The Russian government has announced a new counterterrorism program amid the fallout from the Beslan school crisis, offering a $10.3 million reward for those who help Moscow “neutralize” Chechen rebel leaders Shamil Basayev and Aslan Maskhadov. Though Moscow has previously put a price on Basayev, who officials have been pursuing for a decade — and quietly offered bribes in exchange for the capture of Chechen militants — the highly public announcement of a significant reward marks a shift in the government's counterterrorism strategy.
The proposed rewards program appears to be quite similar to the Rewards for Justice (RFJ) program run by the U.S. Department of State, which offers payments to tipsters who help to “prevent, frustrate or resolve acts of terrorism against U.S. interests.” To date, the RFJ program, established in 1984, has paid out at least $57 million to three dozen people who aided the arrest (or “neutralization”) of people on the United States’ most-wanted list — including Odai and Qusai Hussein, 1993 World Trade Center bomber Ramzi Yusef and Mir Amal Kansi, who killed two federal workers outside CIA headquarters in 1993.
Though the RFJ program has yet to secure the capture of those at the top of the U.S. list — such as Osama bin Laden, Ayman al-Zawahiri, Mullah Omar or Abu Musab al-Zarqawi — it can be termed a relative success.
Whether the Russian program will be as successful remains to be seen, but two factors — human nature and endemic corruption within many parts of the government establishment — argue that, if nothing else, it is a solid starting point.
Until now, Moscow’s counterterrorism strategy has appeared fairly thin: Despite regular terrorist attacks both within Russia proper and in Muslim-majority regions, officials’ hands for the most part were tied by a lack of resources, international law and concerns about international censure regarding human rights abuses. However, putting a price on the heads of known Chechen militant leaders — who are believed to be in Chechnya — marks the beginnings of a relatively sound strategy.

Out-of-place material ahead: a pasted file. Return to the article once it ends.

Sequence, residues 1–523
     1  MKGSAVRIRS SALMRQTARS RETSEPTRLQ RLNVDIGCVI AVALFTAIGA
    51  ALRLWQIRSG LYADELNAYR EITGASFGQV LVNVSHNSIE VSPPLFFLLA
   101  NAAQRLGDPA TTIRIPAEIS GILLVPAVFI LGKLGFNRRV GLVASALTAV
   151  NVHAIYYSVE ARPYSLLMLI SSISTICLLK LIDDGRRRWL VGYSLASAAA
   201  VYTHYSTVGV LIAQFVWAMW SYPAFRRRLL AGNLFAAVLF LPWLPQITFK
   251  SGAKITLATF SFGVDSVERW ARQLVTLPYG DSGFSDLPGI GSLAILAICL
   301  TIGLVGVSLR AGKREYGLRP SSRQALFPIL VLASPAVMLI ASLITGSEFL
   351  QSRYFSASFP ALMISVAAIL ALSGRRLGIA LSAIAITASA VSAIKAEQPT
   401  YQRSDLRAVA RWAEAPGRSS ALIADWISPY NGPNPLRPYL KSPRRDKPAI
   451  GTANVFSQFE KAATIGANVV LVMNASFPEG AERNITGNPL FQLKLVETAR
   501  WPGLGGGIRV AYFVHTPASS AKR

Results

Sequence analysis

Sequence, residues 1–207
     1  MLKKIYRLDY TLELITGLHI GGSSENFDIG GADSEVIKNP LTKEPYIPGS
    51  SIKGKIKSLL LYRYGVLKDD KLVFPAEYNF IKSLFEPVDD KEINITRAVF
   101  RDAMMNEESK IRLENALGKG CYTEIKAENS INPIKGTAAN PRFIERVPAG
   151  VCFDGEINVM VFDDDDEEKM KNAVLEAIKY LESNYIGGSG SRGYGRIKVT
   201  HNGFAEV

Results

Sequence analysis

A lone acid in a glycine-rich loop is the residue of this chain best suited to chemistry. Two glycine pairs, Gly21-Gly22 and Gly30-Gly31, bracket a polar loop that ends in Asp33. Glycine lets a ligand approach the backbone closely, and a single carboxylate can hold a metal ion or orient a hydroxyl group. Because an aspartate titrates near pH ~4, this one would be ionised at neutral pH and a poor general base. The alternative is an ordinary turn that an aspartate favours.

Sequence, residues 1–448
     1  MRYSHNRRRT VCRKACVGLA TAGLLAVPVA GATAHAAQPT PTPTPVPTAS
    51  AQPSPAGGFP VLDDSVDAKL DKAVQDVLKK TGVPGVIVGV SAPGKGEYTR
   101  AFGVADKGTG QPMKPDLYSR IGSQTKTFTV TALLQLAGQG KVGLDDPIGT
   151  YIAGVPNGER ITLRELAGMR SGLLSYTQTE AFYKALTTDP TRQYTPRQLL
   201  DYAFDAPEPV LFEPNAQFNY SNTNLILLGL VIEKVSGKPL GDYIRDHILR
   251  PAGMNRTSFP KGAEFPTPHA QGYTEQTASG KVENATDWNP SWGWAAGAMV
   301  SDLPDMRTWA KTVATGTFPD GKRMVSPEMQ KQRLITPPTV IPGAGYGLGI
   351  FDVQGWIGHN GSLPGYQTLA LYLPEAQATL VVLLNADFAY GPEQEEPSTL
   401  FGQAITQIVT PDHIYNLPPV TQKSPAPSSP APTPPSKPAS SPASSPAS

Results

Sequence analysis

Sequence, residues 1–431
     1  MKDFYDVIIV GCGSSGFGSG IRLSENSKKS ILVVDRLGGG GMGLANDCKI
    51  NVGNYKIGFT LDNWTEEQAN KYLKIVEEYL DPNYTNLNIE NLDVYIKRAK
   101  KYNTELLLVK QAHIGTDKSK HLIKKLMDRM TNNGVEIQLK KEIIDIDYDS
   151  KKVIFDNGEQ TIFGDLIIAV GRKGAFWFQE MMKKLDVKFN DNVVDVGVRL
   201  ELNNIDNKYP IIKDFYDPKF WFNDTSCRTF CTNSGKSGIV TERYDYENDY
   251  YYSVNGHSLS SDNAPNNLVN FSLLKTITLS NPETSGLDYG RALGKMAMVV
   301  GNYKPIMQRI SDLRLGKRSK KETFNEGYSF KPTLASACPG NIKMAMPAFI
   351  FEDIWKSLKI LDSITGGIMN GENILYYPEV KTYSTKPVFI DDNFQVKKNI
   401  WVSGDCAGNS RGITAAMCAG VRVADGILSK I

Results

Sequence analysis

Money, after all, is a nearly universal motivator — and corruption within Russia’s official circles is widely believed to be a key enabler for the Chechen militant movement. Certainly, there are likely to be some highly committed ideologues surrounding the wanted men — Basayev and Maskhadov — who cannot be bought, but the temptation for some with potentially valuable information is likely to be high.
From Moscow’s standpoint, there is another potential benefit: The mere announcement of the reward could yield some gains without any payouts actually being made. Neither politicians nor militants can lead in a vacuum; if Basayev and Maskhadov begin to harbor new concerns about the trustworthiness of any of their subordinates or supporters, they might begin to isolate themselves from the Chechen community. That in itself could hamper the militant movement to some degree.